I headed downstairs around 6:30pm to grab a bite to eat. But almost immediately turned around and went back to my room.  Why? Because both restaurants had lines extending well outside their doors… Lines that looked as though it would be a very long wait for a table. And lines that consisted of noisy,  chatty groups of friends (all quilters,  I presume). There didn’t appear to be anyone in line who was by themselves. There were pairs,  triples,  groups of 4, 5, and 6. And it was daunting.

I didn’t want to go out into the street and walk three or more city blocks to a restaurant area – it was night,  I don’t know the area or neighbourhood, I’m a female waking alone…  Nope. Not an option. Room service wasn’t really an option either as it was the same menu as the cafe in the hotel and as they were so busy,  I could be waiting a long time for my meal. Ordering delivery was also not a viable option (pizzas in the US are HUGE).

All those chatty women made me realise very painfully that I had no-one to share a meal with,  or to walk with me to another restaurant. In this massive sea of humanity and laughing,  happy,  joyful women,  I had no-one. And that made me very sad and very lonely.

Sure,  I have friends and acquaintances here,  but they were likely all off with other friends,  or were working,  or had other commitments, and by the time I went looking for a meal it was too late to ask. I had caught up with some people during the day,  but was too shy to ask them to share dinner with me,  assuming that they had other plans (e.g. one is from out of state,  is a multi award winning quilter, and was working on a booth, so I just assumed [perhaps erroneously] she’d have other commitments either with those she was working with, or with some of her many other friends she has in this world of ours; this assumption was so strong I didn’t even think to ask her. It wasn’t fear of rejection, but an assumption that someone so big in this world would have more invitations and commitments than she could possibly fulfil, so who was I to ask?).

So where am I going with this bit of introspection?

Really large events like this are very hard to deal with if you attend by yourself and know no-one or very few people. Perhaps the organisers of this very well run event could consider a ‘meet and greet’ time early in the week for people with similar interests within our world (the first social event I was aware of was on tonight,  but it was some $40 to attend and from the program it looked like it was for those who already knew lots of people or who had attended Festival before). Or perhaps do as some large international conferences do and have a function (at a small cost) for those from other countries,  or who are here by themselves. Maybe some sort of noticeboard for those looking for buddies to share a meal,  a visit to a shopping mall,  or  similar. (If such a board exists, I’m not aware of it.)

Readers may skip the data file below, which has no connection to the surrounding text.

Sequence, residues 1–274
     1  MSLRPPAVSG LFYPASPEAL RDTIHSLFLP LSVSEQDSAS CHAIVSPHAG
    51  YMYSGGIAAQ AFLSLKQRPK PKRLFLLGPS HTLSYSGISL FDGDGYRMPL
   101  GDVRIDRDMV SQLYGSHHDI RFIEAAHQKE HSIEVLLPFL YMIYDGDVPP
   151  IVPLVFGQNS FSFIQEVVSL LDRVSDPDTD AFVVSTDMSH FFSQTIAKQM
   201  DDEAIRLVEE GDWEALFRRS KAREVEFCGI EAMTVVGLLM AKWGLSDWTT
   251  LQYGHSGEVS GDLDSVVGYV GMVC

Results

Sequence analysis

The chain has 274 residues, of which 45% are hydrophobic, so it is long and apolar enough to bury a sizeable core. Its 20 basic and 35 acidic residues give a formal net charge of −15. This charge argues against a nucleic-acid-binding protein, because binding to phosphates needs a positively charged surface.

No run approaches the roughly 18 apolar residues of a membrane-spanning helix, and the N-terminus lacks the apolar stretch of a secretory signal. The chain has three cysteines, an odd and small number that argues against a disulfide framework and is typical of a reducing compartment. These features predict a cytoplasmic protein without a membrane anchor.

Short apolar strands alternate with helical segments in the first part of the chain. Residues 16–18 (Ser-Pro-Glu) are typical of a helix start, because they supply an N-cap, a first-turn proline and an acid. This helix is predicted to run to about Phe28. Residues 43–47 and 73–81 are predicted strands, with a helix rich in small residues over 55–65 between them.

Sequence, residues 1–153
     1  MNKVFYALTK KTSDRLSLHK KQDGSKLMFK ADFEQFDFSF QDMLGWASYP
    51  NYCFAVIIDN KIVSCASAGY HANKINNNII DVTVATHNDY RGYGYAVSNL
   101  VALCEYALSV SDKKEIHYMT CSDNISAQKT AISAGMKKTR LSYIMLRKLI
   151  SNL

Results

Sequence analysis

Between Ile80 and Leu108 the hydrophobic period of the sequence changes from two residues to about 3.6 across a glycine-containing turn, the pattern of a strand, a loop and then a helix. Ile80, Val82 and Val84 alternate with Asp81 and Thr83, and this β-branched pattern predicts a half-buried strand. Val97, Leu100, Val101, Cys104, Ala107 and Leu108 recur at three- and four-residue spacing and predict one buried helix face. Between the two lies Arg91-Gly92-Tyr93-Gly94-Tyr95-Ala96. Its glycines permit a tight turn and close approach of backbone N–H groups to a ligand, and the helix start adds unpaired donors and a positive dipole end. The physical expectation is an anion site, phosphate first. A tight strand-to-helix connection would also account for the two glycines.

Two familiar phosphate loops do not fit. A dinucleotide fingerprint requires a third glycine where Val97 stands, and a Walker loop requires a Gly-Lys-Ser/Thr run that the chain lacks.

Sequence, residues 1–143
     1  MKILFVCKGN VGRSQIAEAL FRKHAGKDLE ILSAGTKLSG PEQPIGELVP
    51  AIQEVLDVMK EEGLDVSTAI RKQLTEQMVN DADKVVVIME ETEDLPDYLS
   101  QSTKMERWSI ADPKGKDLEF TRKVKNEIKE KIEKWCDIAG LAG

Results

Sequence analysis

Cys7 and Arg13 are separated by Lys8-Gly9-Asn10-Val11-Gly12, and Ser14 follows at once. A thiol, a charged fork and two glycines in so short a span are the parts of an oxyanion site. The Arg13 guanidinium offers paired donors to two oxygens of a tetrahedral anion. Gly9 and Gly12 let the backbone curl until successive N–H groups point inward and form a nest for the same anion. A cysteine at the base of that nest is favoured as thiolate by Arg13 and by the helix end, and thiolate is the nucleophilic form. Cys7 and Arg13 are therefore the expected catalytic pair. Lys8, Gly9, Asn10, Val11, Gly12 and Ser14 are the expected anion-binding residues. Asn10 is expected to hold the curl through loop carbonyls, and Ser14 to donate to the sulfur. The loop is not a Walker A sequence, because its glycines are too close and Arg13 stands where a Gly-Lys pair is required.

It can be very lonely in the midst of a huge event like this.

Houston classes – Thursday

31 10 2014

I did two classes at Houston today. One was a long-arm class on figuring out border designs without using maths (for non quilters a long-arm is a really big quilting machine… Google it, or check the photo below). For the quilters: Cindy Franks was the tutor, and Karlee Porter was the Handi Quilter ‘go to’ person (we were on HQ Avante 18s).

The other was a taster class where 16 presenters are in a big room and 300 students move to the tables of the presenters they want to hear describe their techniques. It sounds more chaotic than it was and I got to go to the four I wanted to listen to… One on thread painting,  one on heliography,  one on using man-made materials like Tyvek,  and one on creating images when you can’t draw.

Not many photos today as what I did didn’t lend itself to photos.




The photo above is the back!